07/24/19 / by Jesse Griffith

Day 85

The Basin music.

My heart sank into a new beat the first time traveling down the long lane way to the farm. Twenty kilometers due north as the crow flies across the Minas Basin lies Five Islands in pure glory and up towards Parrsboro it's all seas and land where dinosaurs dwelt. It's a unique and all encompassing force. The extreme lows where one can walk 4-5 kilometers out onto the very bottom of the seabed floor is an experience worth encountering. A weight worthy of the walk. A perspective worth the traveling and only with caution as the tide is unforgiving.

I had to learn Wildwood Flower from an old timer who was my only friend for the first year out here. It still is one of my favorite tunes, and the original Carter Family recording is one of the best of all time. Hanging around my 77 year old buddy was the beginning of a brand new education. Here everyone thought I was the educated one because I have a degree. I knew nothing. A slower pace for everything, learning to wear a keen eye looking at signs of the previous night's animal activity. Coyote tracks tailing rabbit tracks with a doe and fawn nearby, I began to be opened to a new tune. The process of making hay, milking a cow, burying a draft horse, running a chain saw, building a fence, creating relationships, killing a rooster, writing business plans, taming a wild abused pony, putting on an alternator (pronounced alt-nator ) ad nausea... Farming is a diverse life and the skills required are endless. It can bring a new found honour and appreciation of the work it takes to grow food while sharing the space with countless species of plant and animal life. Gradually and through a lot of missteps, scars and stomped on days I'd learn a new piece and gain a little mindfulness. Then out of the blue on a Friday night onstage inside a huge boathouse a community opened up.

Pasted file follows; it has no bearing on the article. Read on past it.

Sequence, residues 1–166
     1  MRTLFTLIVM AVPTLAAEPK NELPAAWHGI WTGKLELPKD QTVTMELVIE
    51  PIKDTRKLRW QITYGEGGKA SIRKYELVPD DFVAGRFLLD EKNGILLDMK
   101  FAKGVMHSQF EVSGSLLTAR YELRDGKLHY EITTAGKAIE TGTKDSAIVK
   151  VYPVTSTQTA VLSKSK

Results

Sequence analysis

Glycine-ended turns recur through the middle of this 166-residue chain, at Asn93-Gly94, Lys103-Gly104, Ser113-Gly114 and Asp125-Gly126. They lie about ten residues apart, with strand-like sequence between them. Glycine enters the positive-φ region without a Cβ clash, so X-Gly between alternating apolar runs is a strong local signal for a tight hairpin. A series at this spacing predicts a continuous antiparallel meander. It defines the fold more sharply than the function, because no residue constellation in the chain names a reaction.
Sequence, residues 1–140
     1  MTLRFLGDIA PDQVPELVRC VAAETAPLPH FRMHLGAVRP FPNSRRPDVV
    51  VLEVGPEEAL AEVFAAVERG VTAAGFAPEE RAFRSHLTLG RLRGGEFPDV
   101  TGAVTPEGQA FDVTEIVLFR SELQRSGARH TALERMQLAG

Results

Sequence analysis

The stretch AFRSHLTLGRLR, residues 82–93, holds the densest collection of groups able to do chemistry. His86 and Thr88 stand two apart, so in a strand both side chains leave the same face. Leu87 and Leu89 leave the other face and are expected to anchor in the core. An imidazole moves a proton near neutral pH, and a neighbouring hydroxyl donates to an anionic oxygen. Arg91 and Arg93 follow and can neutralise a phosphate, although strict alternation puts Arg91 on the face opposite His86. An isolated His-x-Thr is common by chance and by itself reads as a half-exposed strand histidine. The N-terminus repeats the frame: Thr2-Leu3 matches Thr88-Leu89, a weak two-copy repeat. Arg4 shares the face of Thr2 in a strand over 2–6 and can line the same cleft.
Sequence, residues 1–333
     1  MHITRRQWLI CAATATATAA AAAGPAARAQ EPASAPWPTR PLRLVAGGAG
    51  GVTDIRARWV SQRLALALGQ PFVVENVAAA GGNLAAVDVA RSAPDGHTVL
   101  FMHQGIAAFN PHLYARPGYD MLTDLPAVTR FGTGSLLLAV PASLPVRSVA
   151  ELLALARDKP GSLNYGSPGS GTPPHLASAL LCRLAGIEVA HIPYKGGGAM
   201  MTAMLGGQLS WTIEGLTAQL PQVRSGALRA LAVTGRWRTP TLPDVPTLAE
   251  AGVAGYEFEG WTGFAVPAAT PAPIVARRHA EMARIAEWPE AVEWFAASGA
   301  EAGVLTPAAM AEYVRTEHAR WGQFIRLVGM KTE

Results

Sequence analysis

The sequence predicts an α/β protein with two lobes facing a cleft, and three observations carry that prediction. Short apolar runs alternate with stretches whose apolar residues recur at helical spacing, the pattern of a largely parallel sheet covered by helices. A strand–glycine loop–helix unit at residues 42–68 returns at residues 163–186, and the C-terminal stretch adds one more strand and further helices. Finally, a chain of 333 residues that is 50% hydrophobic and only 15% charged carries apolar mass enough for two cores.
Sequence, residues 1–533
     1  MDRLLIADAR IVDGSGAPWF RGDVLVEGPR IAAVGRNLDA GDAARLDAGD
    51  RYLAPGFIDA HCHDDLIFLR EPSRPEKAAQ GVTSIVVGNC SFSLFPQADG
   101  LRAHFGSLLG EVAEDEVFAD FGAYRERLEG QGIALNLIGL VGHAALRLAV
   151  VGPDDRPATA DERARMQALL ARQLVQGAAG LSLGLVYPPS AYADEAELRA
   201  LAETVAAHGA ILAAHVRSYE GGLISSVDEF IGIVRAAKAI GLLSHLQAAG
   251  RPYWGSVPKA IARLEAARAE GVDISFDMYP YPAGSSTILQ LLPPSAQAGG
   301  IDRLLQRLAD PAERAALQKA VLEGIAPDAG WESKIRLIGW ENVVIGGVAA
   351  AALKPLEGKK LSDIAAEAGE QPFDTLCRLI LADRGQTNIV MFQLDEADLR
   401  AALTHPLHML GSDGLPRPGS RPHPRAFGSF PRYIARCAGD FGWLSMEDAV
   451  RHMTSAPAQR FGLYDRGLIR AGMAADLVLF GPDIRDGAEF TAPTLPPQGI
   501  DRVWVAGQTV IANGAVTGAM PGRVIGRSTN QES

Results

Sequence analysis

Music as the conduit, the connective thread to people, place and time. Unbeknownst to me we all arrived in the same area, at a similar time in our very different lives. I had moved from Vancouver, AW from New Zealand, DL from Yellowknife and SeaRoss from Montreal. Through a few mutual friends suggesting we get together, I was hesitant and playing hard to get but finally after a few months I went out to the valley with the steel guitar and tele to go play some tunes. The songs were what hooked me. I absolutely love playing original music. It is the act of creating something that didn't exist prior where I am most inspired and where I want to place my energies. The songs these guys were writing (and continue to) instantly had their hooks in me. Four years later and countless shows later we still spend an evening every week wood-shedding, hanging, discussing, writing new material.

Most importantly for me taking on any project is all dependent on the people making the music. I have been in enough situations where no matter how good the music is, no matter how much the gig pays, if I have to share the stage with inflated egos and people I don't enjoy passing time with it is never worth it and I will take a pass. It took me a long time to learn this. Life is too short. Luckily, this group has become fundamental in my life out here for the last four years. Deep thinkers not afraid to discuss and explore heavy existential, ideas, family folks with young children, high intellects, creative forces unto themselves and as a group we maintain and share a mutual respect and admiration for one another. A band to celebrate the communities and an outlet to collaborate. The band has broadened my life with such vigor and a happiness that is infectious. While carrying on through the last 3 months in the Camera Obscura, I've maintained gigs and rehearsals with this band, creating new songs and developing our sound in the most natural way, simply getting together to jam for the love and fun of it.

It is a very different kind of music than what I play with this project but everything connects and circles into each other. I am never fully satisfied playing one type of thing. I've always needed several music projects to fulfill my diverse needs of sound making and I am happiest when there is a healthy balance. Cheers to the Basin Brothers, even if I wanted to name us "Minas Birds" instead.